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Monday, January 24, 2011

Corporal Ben Roberts-Smith




The Victoria Cross for Australia is the highest award in the Australian Honours System. It was created in 1991 and has precedence over all orders, decorations and medals. The first medal was awarded on 16th January 2009 to Trooper Mark Donaldson and yesterday 32 year old SAS Corporal Ben Roberts-Smith was the second Australian to receive this honour.


It was awarded for "conspicuous gallantry in action in circumstances of extreme peril" and together with the Medal for Gallantry he won in 2006, the VC makes him the most decorated member of the Australian Defence Force. With his family - his mother and his father who was a former major-general watching, Corporal Roberts-Smith stood proudly before Govenor General Quentin Bryce at SAS Headquarters in Perth yesterday.

He was an impsosing figure, 6ft 6in tall. He sat next to his wife Emma - they have twin 9 months old girls. The VIP crowd which included other surviving VC winners Keith Payne and Corporal Keith Donaldson, applauded Australia's 98th Victoria Cross Holder.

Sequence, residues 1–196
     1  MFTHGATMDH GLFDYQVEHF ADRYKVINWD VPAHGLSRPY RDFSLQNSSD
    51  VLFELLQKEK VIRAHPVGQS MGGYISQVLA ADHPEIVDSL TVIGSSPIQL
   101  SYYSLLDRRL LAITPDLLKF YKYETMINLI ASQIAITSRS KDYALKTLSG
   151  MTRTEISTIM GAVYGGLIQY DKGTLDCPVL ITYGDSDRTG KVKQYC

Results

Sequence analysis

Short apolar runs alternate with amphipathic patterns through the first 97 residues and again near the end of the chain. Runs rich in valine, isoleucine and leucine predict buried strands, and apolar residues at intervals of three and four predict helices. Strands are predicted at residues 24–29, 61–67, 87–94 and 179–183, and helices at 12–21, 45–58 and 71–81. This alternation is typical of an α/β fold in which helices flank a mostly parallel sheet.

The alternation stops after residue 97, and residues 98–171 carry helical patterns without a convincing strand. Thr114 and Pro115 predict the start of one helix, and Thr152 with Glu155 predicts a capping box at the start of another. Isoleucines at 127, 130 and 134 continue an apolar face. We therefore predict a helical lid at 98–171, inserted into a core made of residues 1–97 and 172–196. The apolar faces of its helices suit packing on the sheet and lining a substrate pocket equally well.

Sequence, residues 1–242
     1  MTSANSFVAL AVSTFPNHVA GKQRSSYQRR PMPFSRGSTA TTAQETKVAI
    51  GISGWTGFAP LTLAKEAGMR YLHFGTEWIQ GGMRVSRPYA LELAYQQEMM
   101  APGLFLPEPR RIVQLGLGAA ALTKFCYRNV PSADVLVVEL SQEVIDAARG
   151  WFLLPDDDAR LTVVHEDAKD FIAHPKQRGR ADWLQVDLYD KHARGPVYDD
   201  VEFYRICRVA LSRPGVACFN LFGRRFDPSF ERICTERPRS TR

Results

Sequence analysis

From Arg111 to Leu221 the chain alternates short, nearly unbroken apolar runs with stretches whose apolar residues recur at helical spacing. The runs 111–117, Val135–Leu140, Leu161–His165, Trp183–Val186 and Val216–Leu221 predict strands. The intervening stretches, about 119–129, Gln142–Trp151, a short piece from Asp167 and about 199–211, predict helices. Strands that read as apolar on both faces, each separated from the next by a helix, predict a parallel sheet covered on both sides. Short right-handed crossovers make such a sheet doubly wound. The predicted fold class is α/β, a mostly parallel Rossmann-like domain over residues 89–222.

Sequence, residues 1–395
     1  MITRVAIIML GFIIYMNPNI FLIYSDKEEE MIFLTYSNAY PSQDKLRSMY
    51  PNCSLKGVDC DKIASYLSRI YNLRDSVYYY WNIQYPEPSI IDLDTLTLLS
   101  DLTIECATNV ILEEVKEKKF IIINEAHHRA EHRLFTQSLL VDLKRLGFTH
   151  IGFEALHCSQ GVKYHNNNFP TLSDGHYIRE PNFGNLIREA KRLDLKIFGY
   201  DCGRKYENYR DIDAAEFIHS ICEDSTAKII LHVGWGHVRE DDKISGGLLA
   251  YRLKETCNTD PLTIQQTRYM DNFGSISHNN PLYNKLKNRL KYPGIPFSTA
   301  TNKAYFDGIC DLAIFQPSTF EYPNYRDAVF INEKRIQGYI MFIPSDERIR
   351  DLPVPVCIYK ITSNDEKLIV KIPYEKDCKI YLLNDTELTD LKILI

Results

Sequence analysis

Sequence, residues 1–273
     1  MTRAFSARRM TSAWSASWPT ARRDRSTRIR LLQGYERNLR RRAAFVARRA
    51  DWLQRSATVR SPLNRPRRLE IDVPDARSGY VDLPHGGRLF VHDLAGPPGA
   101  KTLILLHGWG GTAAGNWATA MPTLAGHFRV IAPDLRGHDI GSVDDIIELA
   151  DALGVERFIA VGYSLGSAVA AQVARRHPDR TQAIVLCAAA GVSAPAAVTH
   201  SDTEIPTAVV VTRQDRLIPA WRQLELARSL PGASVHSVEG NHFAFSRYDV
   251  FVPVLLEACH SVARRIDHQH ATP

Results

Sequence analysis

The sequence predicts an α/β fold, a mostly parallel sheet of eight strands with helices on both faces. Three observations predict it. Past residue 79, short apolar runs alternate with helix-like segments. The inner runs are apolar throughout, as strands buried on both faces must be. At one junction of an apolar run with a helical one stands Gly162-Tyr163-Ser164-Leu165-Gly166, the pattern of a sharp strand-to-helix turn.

On the 11th June 2010 in the village of Tizak in Kandahar Province, two soldiers were wounded as their unit was pinned down by heavy Taliban machine gun fire. Corporal Roberts-Smith said "I just looked across and saw my mates getting ripped up. I decided to move forward because I wasn't going to sit there and do nothing - I thought I'd have a crack."

Former SAS sniper and author Rob Maylor served with Roberts-Smith for over a decade and said he was always destined for big things. "He's always had it in him, it really didn't come as a surprise. He's one of the best, very professional, down to earth, very good at his job and a good thinker. The further he goes through the ranks, he's going to become a great leader. He's a very humble bloke. Obviously it will change his life but it won't change his personality and character."


Corporal Roberts-Smith said a number of his colleagues would be recognised at a later date for their bravery that day. "It's like being a football team - you go as hard as you can until the game is won."


In this case the score was 60 dead Taliban.